Photo by Mitch Walker on Unsplash

The Real Cost of my Vanity: “Have to Have” Clothing

I’m vain. Can’t speak for anyone else, but I’m just…vain. On one hand, that vanity ensures that I work hard to take care of myself (I work out, eat well, yadda yadda) On the other hand, it’s caused me to spend untold amounts of money on fashionable clothing to impress people.

Who that’s supposed to be, I have no idea.

Lots of folks say that women dress to impress other women. If I were a drinker, I’d raise a glass to that. We most certainly do.

That’s what the fashion industry counts on. Our vanity, and the need to impress.

Photo by Tony Ross on Unsplash

The Cost of a Fine Jacket

My mom, who was thin as a matchstick until she had two kids, made her own clothing. Photos of her from the 1930s and 40s show her slaving away on a Simplicity Pattern, which she would match with a jaunty hand-made hat, matching purse and shoes. She was angular and tall for her generation. The perfect clothes hanger.

Between my mother and a mentor I met when I was 17, I developed a sense of and a taste for fine clothing, good fit and style. I can still recall the first time I shrugged on an Armani jacket. I felt like an imposter in that Neiman Marcus dressing room, putting on clothing I knew I had no business even touching. Back then I hadn’t achieved much, but I desperately wanted to look the part. The jacket was priced at more than $3000. I couldn’t possibly afford it. However I was dying to find out what on earth made it so expensive.

I found out. Fabric, cut, style, feel. And damn, did it look good. It made me look like something I wasn’t: rich, successful, savvy, powerful. Boy, did that appeal to my vanity. The fishhook was firmly embedded. I had to have clothing like this.

After finally winning the weight battle, and reaching the point where I resembled my mother in the coat hanger department, I had the tall, thin body on which to drape just about anything. That, and a credit card or two, made me damned dangerous. But good news for the retail economy.

by Hannah Morgan on Unsplash

PhD in Shopping

Before TJ Maxx, Burlingon, and the many online discount outlets, there was Loehmann’s. Begun in Brooklyn in 1921, it began as one store selling off-price designer fashions. Clerks would cut out the label of a Halston gown and sell it for a fraction of the original price. At its height, Loehmann’s had outlets from New York to LA. Those of us who were serious addicts would comb the Back Room for the best of the best. I “saved” myself thousands of dollars…on clothing for a lifestyle I didn’t live, on clothing I never wore.

After Loehmanns came Hit or Miss, a precursor of TJMaxx. And Ross. Retailers discovered that people had a thirst for discounted designer clothing, if for no other reason than we hungered for a look. We wanted to “be like, look like.” I once found the blouse that Cameron Diaz wore in the park scene with Jim Carrey in The Mask. I kept it like a trophy. Wore it once. I had no place to wear a blouse which featured half my boobs falling out. But I had Cameron Diaz’ blouse.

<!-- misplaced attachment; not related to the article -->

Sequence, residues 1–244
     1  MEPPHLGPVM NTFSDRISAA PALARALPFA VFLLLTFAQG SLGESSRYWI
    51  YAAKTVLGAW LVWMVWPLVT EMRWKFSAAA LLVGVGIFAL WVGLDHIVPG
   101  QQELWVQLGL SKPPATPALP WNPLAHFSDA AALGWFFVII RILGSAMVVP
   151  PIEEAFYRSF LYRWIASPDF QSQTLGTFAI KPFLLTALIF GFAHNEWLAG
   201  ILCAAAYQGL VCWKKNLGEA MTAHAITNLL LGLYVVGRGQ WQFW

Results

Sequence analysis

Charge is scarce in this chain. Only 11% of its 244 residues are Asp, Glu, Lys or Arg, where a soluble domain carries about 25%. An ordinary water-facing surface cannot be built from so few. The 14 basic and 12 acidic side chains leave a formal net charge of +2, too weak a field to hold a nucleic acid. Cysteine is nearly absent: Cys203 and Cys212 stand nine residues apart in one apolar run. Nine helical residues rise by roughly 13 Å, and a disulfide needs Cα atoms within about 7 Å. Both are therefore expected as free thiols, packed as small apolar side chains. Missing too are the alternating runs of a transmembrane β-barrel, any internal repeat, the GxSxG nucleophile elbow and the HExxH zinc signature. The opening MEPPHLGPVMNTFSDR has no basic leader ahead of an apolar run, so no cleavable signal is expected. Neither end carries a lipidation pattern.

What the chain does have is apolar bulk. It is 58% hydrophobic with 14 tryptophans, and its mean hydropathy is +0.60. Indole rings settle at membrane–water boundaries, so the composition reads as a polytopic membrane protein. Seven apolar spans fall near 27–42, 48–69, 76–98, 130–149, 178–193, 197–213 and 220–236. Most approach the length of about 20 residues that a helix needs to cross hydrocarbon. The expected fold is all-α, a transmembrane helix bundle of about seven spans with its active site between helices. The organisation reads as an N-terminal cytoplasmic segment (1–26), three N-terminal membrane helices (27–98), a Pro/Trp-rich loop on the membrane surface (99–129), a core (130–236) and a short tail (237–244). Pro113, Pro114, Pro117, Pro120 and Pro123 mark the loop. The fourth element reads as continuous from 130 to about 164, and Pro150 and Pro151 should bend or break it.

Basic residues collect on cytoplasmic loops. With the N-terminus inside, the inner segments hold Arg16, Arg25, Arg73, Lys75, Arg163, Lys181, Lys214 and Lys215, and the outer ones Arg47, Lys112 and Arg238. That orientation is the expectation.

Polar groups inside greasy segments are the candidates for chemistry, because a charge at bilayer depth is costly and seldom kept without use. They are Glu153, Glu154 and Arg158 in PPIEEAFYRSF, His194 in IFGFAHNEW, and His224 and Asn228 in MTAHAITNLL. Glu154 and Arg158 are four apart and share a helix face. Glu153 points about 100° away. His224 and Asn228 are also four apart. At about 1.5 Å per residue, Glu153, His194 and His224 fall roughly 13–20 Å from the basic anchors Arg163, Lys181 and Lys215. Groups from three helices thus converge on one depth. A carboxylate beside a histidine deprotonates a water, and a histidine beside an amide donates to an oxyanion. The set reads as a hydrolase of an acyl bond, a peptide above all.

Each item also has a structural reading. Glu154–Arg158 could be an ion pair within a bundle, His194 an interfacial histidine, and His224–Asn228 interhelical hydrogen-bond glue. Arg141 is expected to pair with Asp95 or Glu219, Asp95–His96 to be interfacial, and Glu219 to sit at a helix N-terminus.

This is precisely what has made the fashion industry the world’s second largest polluter. It takes three years of drinking water just to make one cotton t-shirt. ONE. Twenty percent of the world’s industrial pollution comes from the dyeing of textiles ( I could go on. To understand just how evil the fast fashion industry is, and how much fashion contributes to filth and global warming, see

But you see my point. I was part of the problem. All because I wanna look like something I’m not. Because of my vanity.

I had developed a PhD in shopping, being able to score clothing, shoes, jewelry and bags that were featured in the slick magazines. I crowed about paying $150 for a jacket that had retailed at $3500. Never wore it. I knew all the sales, the locations of the best stores and where to go online, as those outlets became more prevalent. My house looked like a high-end retail store. It wasn’t just a hobby, it was a way of life, costing me untold treasure — while the rest of the world was diverting rivers, ruining fishing areas, and running out of water.

Photo by Charisse Kenion on Unsplash

To What End?

Eventually I had to buy a house big enough to store all my clothing and accessories. I had eight full wardrobes of clothing, ranging from designer duds to gorgeous nightgowns (ahem, I sleep naked, so why?) to 250 pairs of boots and shoes. There were multiple jewelry armoires with thousands of pairs of earrings, bracelets, necklaces. I had more than a hundred handbags of every color and size. Really?

I don’t use handbags. I carry an ancient Daytimer with a small pocket for glasses and Chapstick. It’s simple. Functional. It fits my lifestyle.

Like anyone else with a hoarding problem, I didn’t know I had a hoarding problem. My female friends were duly impressed. They’d walk though my collections with envy — a commodity which unfortunately doesn’t pay the mortgage — and express their admiration.